How comfortable is the Land Rover Discovery 5/5

The Discovery has always been a car that can play the hardcore off-roader one minute, and luxury limo the next. Its interior quality has traditionally played a big part in that, and with the latest ‘Disco’, things have been kicked up another notch.

Were it not for the big Discovery badge on the steering wheel, you could easily think you were in a Range Rover. There are some exceptions, such as the plastics used on the stalks and window switches, and particularly on the gearshift paddles, but for the most part, the cabin has a wide range of materials and finishes on display, which keeps things interesting to look at, and the vast majority of them feel expensive and nicely textured.

Your view of the road ahead is wonderfully clear thanks to the high driving position and low bonnet, and most versions feature full electric adjustment for your driving position. Most functions are dealt with through the touchscreen infotainment system – but the system can be confusing to use, with menus that are both numerous and convoluted, and a screen that doesn’t respond particularly quickly to commands. The up-side to this, of course, is that the dashboard itself is pretty short on buttons, and therefore easy to find your way around.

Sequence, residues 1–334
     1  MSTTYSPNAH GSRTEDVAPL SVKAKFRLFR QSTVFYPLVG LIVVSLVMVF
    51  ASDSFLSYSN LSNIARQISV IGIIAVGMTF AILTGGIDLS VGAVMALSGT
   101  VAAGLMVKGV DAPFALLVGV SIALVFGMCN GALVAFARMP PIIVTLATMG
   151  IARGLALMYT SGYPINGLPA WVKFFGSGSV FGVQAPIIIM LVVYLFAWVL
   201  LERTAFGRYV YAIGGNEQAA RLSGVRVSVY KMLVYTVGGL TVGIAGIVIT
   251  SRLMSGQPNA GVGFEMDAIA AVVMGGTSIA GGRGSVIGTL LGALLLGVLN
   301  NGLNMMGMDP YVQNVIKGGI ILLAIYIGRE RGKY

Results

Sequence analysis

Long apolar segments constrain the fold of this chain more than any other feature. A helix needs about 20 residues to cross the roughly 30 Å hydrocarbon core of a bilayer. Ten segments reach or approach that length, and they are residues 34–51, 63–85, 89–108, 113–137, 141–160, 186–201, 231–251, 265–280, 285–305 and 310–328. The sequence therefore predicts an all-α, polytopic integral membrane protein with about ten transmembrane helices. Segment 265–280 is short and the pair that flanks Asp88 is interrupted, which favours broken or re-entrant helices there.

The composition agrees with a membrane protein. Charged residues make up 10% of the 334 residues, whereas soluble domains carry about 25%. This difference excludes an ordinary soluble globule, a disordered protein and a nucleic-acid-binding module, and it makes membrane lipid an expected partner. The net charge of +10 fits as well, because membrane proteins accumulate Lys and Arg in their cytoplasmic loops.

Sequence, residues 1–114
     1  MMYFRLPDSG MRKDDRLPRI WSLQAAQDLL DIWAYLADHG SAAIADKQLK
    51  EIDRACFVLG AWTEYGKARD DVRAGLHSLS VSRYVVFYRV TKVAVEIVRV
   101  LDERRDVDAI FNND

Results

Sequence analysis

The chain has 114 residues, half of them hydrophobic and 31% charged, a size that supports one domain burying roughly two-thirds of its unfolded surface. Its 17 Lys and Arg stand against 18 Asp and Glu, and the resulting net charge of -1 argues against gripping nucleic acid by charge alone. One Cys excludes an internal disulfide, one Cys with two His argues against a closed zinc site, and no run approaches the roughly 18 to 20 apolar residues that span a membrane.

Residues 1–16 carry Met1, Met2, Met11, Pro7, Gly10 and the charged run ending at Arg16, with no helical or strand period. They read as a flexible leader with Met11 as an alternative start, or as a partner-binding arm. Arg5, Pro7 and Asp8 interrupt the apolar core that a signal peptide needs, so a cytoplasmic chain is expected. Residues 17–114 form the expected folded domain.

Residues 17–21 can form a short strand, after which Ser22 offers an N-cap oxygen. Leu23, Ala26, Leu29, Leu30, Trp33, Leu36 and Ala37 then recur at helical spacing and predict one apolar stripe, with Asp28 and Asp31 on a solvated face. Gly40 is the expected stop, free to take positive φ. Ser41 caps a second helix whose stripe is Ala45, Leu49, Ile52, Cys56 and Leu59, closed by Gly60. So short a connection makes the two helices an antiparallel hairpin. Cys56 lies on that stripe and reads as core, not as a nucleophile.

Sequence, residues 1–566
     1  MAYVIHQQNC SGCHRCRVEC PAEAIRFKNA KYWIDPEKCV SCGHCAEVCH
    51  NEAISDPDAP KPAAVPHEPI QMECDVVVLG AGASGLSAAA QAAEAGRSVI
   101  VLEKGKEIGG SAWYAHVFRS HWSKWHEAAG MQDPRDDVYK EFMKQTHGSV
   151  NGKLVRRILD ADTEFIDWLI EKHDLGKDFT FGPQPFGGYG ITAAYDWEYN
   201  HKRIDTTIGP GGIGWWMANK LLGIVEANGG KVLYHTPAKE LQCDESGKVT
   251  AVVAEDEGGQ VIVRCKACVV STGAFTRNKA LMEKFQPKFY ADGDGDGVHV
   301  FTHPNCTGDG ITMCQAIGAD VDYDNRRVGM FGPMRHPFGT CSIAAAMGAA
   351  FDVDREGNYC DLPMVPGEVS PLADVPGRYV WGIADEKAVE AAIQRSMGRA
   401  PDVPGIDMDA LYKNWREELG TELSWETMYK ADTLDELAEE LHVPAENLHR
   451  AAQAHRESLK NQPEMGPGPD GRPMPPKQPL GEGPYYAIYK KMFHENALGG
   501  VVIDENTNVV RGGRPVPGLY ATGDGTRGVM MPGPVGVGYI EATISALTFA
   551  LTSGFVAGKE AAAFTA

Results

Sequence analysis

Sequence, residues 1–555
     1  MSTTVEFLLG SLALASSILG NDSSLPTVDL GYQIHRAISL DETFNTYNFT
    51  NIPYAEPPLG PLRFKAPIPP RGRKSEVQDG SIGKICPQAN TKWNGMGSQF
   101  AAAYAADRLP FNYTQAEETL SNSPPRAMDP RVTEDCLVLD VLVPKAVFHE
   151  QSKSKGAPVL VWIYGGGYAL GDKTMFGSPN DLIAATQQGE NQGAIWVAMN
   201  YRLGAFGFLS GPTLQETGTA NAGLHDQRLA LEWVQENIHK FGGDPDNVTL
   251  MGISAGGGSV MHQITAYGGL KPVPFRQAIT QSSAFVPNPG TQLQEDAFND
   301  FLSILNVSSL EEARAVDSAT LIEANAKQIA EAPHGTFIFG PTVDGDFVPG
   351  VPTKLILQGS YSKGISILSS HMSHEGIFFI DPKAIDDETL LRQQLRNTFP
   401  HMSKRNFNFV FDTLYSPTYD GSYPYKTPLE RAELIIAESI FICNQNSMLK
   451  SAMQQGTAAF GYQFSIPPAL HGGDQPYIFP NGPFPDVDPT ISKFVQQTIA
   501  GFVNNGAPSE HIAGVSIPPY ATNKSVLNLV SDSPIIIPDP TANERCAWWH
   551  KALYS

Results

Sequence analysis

The Discovery is about as practical and as versatile as any car you could wish to find. Each of the seven seats is an individual chair that’s set higher than the one in front so you get a good view out, and the rearmost five can be folded down electrically using either the touch-screen system, a cluster of switches located in the boot, or a smartphone app. They go completely flat, too.

Each seat has enough space to accommodate a six-foot adult in comfort, and access is also pretty easy. The cabin also has a dizzying amount of storage space for odds and ends, and depending on the grade of your car, up to nine USB ports for charging the family’s devices.

The boot is big enough in seven-seat mode for a few small soft bags, but it’s absolutely massive when the car is used as a five-seater, and positively van-like when used as a two-seater. The old car’s split tailgate is gone, but it has been replaced by an ‘inner tailgate’ concealed behind the main bootlid, which is an electrically folding shelf that extends out of the car from the boot floor and makes a handy seat or picnic table.

Most owners will only use their Disco on tarmac, and in that environment, the car largely excels. The standard air suspension provides a wonderfully compliant and forgiving ride, absorbing any bump or rut with zero fuss, wafting you along in supreme comfort.

Chuck a few corners into the mix, and the Discovery deals with them in an impressively controlled way. There’s no disguising the sheer hugeness of the car, in terms of both its dimensions and weight, but you have to be driving it properly hard before it starts to feel flustered or clumsy. And to be fair, there’s absolutely no reason to drive it like that anyway.